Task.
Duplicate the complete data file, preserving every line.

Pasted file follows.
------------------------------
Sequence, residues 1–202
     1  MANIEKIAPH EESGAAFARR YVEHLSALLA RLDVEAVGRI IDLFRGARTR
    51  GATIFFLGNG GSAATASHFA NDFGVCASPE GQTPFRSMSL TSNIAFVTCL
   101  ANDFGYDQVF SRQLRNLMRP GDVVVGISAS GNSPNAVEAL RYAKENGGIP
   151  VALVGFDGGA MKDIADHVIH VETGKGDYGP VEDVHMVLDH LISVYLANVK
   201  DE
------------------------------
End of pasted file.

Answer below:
Sequence, residues 1–202
     1  MANIEKIAPH EESGAAFARR YVEHLSALLA RLDVEAVGRI IDLFRGARTR
    51  GATIFFLGNG GSAATASHFA NDFGVCASPE GQTPFRSMSL TSNIAFVTCL
   101  ANDFGYDQVF SRQLRNLMRP GDVVVGISAS GNSPNAVEAL RYAKENGGIP
   151  VALVGFDGGA MKDIADHVIH VETGKGDYGP VEDVHMVLDH LISVYLANVK
   201  DE